By Flavie Detcheverry / 2022-09-13
In Canada, 38% of adults between the age of 20 and 79 years old suffer from hearing loss, which is diagnosed when someone has trouble hearing sounds over 20 decibels (for comparison, the volume of normal conversation usually ranges between 50-80 decibels). Additionally, 37% of adults suffer from tinnitus, which is characterized by the perception of noise not generated by any external source, for example, hearing ringing, hissing, buzzing, rushing or roaring sounds in the ears. According to statistics from the Government of Canada, hearing loss and tinnitus affect more men (63%) than women (46%) and typically get worse with age – only 9% of people aged 20 to 39 have hearing loss versus 94% of individuals aged 70 to 79 years old. These hearing-related disturbances can negatively impact the quality of life of the individual and have been associated with depression, anxiety and stress. When they coexist, mental and physical disabilities tend to influence and exacerbate each other, leading to more severe symptoms, and sometimes reduced social activity and self-isolation. This is a particularly important relationship to consider in the context of age-related cognitive decline and dementia, for which depression, anxiety, and stress are known to be risk factors.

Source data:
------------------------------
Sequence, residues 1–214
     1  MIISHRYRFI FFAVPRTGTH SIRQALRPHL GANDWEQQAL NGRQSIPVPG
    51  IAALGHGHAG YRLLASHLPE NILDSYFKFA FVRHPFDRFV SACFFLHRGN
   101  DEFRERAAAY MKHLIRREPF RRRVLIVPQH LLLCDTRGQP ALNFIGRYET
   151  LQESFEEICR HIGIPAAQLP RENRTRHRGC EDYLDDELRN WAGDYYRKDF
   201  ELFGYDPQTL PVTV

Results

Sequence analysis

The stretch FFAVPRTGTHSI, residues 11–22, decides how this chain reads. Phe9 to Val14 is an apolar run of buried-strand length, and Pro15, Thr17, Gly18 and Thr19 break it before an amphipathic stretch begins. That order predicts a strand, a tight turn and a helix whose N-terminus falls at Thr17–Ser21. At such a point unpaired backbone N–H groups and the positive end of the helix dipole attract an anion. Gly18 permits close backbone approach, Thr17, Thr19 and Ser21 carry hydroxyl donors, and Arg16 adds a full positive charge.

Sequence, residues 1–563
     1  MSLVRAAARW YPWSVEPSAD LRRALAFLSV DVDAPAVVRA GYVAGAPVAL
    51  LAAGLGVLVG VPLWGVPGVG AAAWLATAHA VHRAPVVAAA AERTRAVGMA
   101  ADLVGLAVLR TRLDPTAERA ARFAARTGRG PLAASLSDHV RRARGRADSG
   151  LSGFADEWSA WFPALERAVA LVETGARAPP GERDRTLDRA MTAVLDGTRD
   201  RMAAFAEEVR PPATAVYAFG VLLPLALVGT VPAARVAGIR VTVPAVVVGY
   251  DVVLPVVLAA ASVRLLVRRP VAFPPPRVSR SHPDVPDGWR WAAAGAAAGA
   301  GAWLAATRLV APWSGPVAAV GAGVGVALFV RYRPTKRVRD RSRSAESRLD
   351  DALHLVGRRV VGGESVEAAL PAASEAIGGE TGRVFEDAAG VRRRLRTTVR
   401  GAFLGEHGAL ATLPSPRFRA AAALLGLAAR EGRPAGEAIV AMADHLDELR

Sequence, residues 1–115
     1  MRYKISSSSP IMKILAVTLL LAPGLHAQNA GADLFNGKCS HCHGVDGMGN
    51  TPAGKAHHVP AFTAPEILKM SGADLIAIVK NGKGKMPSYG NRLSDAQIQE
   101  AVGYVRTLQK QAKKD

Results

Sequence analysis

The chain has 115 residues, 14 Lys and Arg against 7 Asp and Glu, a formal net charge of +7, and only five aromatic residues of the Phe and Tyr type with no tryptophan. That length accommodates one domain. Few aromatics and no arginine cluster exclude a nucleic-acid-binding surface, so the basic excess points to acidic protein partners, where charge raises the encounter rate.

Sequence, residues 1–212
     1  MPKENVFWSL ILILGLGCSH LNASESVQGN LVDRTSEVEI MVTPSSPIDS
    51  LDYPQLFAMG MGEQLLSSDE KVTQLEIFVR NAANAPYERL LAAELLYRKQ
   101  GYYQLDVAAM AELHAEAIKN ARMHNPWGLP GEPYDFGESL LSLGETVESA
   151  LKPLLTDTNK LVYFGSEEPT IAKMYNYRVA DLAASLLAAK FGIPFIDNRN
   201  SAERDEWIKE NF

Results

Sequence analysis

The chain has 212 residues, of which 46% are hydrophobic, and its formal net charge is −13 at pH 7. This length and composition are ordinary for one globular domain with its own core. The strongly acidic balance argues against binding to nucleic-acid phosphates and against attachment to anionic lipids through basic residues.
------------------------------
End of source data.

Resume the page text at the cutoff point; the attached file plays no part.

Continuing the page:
Scientists have found that many people experience hearing loss 5 to 10 years prior to their diagnosis of age-related dementia. This may suggest that difficulty in hearing may contribute to cognitive decline. Because of this association, hearing loss is considered a modifiable risk factor for dementia. Modifiable risk factors are behaviours or exposures in a person’s life that, if changed, could potentially reduce their risk of developing a certain condition. This means that by treating a person’s hearing loss, we might be able to reduce their chance of developing dementia. Similar to this association, not smoking or quitting smoking can reduce a person’s risk for lung cancer. There are two possible explanations for this association, the first suggesting that it is auditory deprivation and lack of stimulation caused by hearing loss that contributes to cognitive decline. The other hypothesis suggests that hearing loss causes the brain to work harder on hearing and listening, which means that there are fewer resources available for other cognitive processes such as attention and working memory, which in turn contributes to cognitive decline. Whichever explanation is true, it is clear that the treatment of hearing loss is very important and should not be neglected, especially in older adults, or in individuals at risk for age-related dementia.
Research also shows associations between hearing loss and functional and anatomical changes in the brains of older adults. These changes can be assessed using neuroimaging techniques such as structural and functional magnetic resonance imaging…